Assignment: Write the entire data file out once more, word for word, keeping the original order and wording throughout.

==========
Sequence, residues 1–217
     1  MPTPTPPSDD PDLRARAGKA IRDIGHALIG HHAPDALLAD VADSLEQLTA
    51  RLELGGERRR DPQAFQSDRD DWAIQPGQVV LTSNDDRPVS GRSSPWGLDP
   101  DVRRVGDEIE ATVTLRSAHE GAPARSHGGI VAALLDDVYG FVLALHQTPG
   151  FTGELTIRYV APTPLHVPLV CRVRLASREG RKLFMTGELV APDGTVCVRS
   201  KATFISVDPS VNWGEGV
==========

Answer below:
Sequence, residues 1–217
     1  MPTPTPPSDD PDLRARAGKA IRDIGHALIG HHAPDALLAD VADSLEQLTA
    51  RLELGGERRR DPQAFQSDRD DWAIQPGQVV LTSNDDRPVS GRSSPWGLDP
   101  DVRRVGDEIE ATVTLRSAHE GAPARSHGGI VAALLDDVYG FVLALHQTPG
   151  FTGELTIRYV APTPLHVPLV CRVRLASREG RKLFMTGELV APDGTVCVRS
   201  KATFISVDPS VNWGEGV